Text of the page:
There is a certain “Gewurztraminer something” that became a firm part of my sense experience when that wine and I first crossed paths. All five of the Helfrich Gewurztraminers I tasted that afternoon satisfied this sense test. The 2007 Noble Varieties Gewurztraminer is a greenish straw color with gentle aromatic notes of rose, honeysuckle, floral spice, nutmeg, pear, pineapple, banana, and I am probably missing one if I haven't gratuitously added one. The wine fills and engages the mouth, affording a rather floral finish. The 2008 Gewurztraminer tastes…well…newer, bringing more minerality and the pungency of lychee.

The $25 Helfrich Steinklotz Grand Crus feature Riesling and Gewurztraminer and no Pinot Gris; Steinklotz is one of the oldest vineyards recorded in Alsace (589 AD), although we started with the 2005s. Both varietals are hand harvested, whole grape membrane pressed, cool fermented in stainless steel, then racked on fine lees. The Rieslings average about 8 grams of residual sugar per liter, the Gewurztraminers 21 grams, with both varietals weighing in at 13% alcohol.

The 2005 Grand Cru Riesling has an elegant nose of grapefruit (my favorite citrus note), powdery mineral and white flowers with a good deal of citrus on the palate: lemon, lime and lemon peel, with a pleasant bitterness on the finish. The 2006 Grand Cru Riesling is rather different, with a seductive nose of slate, quince, bergamot and orange blossom, bitter orange marmalade, dried apricot and clove on the palate, and a finish of slate and warm citrus. The 2007 Grand Cru Riesling shows a well balanced nose of slate, floral tones and poached pear with a palate of slightly bitter white stone and some tropical notes of pineapple and mango. The finish has some good fruit tang; undoubtedly this wine will come together with a few years keeping.

I revere Riesling, but the Gewurztraminers were the true winners at this table. The 2005 Grand Cru Gewurztraminer is an orange-tinged straw in color with aromas of marmalade, honeysuckle, lychee and some nose-tickling spice. The palate: ripe apricot, pear, lychee, candied fruit, banana and bergamot, and it all finishes dry. Growing conditions in 2006 were difficult in northern Alsace, bringing a trace of noble rot to the mix; botrytis—showing as a deeper gold—is right up there with caviar in my flavor reverie. Nose and palate are similar here: ripe red apple, butterscotch, quince, toffee. This was my favorite among the fifteen wines. The 2007 Grand Cru Gewurztraminer has a perfumed, highly floral nose, a fresh feel in the mouth, with some lively citric acidity and notes of lime, orange, honey and candied fruit.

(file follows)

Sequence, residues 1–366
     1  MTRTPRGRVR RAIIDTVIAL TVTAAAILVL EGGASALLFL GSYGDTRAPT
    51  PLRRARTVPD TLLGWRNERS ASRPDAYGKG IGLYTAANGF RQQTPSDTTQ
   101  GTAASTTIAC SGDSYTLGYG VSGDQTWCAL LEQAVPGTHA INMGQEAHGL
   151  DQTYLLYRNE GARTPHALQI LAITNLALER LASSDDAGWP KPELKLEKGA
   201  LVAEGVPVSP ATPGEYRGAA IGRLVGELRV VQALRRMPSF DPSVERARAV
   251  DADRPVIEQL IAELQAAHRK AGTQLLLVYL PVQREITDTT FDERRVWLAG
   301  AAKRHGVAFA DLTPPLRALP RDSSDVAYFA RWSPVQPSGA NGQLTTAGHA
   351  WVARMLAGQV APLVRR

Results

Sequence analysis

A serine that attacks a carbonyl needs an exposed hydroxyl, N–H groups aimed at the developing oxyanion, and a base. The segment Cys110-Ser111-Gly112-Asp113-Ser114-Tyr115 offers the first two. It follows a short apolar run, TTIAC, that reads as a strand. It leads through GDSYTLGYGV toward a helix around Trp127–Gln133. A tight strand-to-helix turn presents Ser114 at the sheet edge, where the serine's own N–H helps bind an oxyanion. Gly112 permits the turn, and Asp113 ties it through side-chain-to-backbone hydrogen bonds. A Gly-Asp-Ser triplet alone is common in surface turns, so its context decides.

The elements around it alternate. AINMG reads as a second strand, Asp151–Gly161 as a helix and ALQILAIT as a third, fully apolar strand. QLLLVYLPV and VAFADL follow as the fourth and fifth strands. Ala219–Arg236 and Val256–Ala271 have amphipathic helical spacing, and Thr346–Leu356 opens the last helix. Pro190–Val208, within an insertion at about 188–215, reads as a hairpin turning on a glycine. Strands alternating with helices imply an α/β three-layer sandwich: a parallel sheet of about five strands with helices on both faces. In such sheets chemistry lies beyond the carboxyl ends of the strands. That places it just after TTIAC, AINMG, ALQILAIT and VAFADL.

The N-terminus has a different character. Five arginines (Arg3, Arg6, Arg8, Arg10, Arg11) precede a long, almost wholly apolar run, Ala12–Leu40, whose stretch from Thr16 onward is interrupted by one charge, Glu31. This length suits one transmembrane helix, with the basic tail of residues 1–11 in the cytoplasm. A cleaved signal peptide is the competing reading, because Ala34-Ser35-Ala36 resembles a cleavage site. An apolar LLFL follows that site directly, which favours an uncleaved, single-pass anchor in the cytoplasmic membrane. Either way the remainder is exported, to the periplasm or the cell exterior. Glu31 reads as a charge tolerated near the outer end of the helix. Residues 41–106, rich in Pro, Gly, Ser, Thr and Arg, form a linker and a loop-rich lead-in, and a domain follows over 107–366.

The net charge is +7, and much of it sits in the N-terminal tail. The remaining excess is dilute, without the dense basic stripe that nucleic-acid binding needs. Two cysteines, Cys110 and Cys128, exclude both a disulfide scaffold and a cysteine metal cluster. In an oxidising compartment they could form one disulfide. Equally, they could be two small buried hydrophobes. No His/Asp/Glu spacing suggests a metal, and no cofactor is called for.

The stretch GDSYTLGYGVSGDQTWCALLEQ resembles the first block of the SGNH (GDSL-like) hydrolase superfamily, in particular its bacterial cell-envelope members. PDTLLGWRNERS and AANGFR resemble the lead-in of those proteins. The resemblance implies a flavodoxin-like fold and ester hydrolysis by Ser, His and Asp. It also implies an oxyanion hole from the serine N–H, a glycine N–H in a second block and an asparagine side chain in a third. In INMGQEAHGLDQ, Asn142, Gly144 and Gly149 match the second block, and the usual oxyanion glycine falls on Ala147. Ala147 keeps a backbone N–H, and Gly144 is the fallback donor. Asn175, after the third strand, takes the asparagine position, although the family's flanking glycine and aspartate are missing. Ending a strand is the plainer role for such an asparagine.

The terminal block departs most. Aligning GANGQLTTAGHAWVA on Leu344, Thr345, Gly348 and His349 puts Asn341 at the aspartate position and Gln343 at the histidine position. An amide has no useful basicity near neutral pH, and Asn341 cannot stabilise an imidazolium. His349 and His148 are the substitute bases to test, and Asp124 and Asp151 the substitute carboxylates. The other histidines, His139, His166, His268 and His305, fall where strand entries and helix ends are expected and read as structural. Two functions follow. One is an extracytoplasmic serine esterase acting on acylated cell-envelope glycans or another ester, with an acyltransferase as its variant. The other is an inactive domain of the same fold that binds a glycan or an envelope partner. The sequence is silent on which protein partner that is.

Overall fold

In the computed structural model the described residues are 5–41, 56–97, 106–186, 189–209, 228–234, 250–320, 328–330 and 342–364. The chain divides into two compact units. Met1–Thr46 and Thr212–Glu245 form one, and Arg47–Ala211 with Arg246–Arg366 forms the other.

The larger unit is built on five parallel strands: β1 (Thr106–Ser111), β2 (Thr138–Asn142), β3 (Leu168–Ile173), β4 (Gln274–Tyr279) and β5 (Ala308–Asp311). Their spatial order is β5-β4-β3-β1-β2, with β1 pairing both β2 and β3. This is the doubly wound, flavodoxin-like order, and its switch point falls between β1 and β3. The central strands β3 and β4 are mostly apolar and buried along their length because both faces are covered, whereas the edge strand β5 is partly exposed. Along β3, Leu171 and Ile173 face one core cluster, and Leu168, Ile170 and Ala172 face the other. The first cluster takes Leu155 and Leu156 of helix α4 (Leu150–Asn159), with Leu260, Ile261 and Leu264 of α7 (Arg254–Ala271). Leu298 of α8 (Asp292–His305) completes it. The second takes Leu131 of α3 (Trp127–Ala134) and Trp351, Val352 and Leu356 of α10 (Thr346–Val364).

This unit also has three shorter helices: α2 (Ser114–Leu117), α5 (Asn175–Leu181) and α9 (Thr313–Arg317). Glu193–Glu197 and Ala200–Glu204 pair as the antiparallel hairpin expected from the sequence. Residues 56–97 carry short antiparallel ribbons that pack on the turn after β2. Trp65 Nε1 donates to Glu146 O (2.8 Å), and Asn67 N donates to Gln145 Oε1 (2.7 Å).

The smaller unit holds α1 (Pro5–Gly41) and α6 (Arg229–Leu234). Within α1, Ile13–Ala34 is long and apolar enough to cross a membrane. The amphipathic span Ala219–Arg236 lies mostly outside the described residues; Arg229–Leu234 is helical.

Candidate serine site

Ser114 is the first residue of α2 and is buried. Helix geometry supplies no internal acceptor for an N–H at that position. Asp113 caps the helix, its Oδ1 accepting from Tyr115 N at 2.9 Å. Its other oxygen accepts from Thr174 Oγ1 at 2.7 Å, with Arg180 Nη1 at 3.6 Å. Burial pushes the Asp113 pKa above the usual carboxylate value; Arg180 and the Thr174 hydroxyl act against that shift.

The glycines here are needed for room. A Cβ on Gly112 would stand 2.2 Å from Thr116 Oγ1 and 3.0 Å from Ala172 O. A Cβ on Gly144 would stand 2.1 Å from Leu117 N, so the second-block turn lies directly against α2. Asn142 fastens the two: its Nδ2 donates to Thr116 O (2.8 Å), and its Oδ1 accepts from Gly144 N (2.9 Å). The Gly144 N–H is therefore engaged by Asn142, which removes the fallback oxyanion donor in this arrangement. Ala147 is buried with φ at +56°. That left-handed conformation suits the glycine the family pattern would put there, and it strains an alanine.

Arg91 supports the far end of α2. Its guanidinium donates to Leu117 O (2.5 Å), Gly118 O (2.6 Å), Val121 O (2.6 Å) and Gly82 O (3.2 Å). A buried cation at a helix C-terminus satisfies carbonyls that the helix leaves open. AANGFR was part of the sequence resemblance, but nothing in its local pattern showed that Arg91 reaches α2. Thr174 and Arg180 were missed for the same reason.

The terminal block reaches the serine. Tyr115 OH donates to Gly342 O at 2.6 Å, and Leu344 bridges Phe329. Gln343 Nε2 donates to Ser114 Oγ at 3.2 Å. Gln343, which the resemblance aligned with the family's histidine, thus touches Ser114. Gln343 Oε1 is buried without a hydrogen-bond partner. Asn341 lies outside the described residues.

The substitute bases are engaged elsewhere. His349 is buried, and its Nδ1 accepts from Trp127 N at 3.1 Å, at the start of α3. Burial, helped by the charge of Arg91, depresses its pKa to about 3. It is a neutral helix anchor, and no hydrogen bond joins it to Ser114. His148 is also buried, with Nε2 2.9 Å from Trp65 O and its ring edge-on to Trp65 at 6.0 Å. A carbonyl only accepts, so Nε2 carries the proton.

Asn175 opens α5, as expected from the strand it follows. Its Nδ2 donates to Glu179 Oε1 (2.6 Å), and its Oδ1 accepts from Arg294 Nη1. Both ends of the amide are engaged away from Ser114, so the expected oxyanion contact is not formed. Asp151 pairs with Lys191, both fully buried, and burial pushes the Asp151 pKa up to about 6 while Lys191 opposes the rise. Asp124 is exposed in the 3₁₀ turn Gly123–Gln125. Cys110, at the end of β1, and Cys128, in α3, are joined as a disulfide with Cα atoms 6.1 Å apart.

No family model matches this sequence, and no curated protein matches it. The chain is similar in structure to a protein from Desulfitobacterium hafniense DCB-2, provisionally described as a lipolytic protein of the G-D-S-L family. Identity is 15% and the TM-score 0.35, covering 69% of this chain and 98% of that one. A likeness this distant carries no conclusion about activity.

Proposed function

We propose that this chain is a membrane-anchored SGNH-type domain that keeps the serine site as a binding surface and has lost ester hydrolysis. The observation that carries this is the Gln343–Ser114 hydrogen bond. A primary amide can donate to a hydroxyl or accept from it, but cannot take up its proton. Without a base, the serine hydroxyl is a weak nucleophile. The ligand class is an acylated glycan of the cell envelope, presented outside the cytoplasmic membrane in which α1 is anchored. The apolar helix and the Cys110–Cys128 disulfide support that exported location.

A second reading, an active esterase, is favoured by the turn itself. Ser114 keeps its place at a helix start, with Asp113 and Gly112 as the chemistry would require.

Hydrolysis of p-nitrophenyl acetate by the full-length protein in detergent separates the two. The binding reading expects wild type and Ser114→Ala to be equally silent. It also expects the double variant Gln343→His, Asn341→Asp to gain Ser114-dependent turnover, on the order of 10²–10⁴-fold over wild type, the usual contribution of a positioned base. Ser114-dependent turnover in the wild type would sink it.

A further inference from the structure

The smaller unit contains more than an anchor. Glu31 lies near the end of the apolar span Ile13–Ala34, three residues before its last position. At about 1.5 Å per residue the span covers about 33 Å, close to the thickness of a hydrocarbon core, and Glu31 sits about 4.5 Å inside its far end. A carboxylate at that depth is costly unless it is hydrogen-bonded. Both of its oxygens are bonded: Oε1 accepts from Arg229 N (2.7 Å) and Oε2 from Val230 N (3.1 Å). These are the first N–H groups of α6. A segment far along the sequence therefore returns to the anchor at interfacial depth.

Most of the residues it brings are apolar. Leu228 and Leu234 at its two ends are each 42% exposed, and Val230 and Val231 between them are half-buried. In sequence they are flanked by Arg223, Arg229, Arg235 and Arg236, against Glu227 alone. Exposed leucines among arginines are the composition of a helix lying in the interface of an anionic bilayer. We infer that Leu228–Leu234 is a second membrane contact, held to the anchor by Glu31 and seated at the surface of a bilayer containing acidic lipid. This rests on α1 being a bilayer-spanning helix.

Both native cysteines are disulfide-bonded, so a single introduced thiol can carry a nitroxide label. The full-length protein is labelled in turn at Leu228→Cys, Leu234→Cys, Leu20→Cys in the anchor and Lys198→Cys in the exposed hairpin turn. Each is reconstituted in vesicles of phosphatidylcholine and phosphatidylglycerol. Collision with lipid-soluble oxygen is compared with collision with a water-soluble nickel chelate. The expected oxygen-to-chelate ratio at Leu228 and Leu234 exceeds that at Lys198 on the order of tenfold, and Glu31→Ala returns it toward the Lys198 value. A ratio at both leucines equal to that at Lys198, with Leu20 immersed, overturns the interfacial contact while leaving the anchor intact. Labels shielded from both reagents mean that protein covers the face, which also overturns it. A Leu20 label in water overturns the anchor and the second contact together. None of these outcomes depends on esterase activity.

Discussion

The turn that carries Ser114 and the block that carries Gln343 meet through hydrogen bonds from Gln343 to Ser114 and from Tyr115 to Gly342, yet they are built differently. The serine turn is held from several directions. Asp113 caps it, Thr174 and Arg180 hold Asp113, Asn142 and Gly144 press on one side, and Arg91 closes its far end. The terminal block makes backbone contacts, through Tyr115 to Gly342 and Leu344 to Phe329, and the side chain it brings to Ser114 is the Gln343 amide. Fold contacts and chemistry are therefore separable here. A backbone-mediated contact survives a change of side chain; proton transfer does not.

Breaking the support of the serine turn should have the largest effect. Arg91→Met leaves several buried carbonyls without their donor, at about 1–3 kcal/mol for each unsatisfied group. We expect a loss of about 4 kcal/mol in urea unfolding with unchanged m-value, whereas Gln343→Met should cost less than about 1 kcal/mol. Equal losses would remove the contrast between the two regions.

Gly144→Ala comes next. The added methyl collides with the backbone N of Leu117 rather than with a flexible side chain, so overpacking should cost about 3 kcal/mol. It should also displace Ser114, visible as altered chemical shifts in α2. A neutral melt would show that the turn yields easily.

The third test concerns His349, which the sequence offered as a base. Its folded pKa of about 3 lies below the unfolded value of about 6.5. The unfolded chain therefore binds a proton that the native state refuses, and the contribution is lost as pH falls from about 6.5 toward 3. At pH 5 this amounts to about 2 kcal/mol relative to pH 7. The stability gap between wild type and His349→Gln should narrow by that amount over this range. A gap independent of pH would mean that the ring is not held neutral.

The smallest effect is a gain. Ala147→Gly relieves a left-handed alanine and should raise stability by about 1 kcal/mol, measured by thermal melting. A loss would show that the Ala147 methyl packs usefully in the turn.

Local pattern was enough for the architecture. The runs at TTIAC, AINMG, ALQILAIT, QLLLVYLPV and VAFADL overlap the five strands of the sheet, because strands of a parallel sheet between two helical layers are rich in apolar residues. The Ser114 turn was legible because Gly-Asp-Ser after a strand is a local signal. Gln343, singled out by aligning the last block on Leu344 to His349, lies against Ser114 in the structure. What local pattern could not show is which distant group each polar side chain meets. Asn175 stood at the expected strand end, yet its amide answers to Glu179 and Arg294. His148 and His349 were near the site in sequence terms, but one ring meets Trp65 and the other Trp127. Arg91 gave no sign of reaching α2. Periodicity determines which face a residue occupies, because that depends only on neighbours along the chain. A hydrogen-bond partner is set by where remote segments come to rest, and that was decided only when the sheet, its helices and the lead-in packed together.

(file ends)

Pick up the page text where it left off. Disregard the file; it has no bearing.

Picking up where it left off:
Frédéric stated several times, and the table agreed, that the wines of Alsace have a real future on the American market. In every case these wines are 100% varietals, a plus in a market where blends have an uphill battle, they are fresh and extremely food friendly, and of course we have already noted the absolutely heartwarming price points.

Verdict: A truly successful line at winning prices

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Wines from Alsace are coming over in increasing numbers and seem destined to take their place on American tables.

food writer Elliot Essman James Beard Foundation Journalism Award
James Beard Award Nominee Elliot Essman

food writer Elliot Essman James Beard Foundation Journalism Award

Frederic Helfrich

Frédéric Helfrich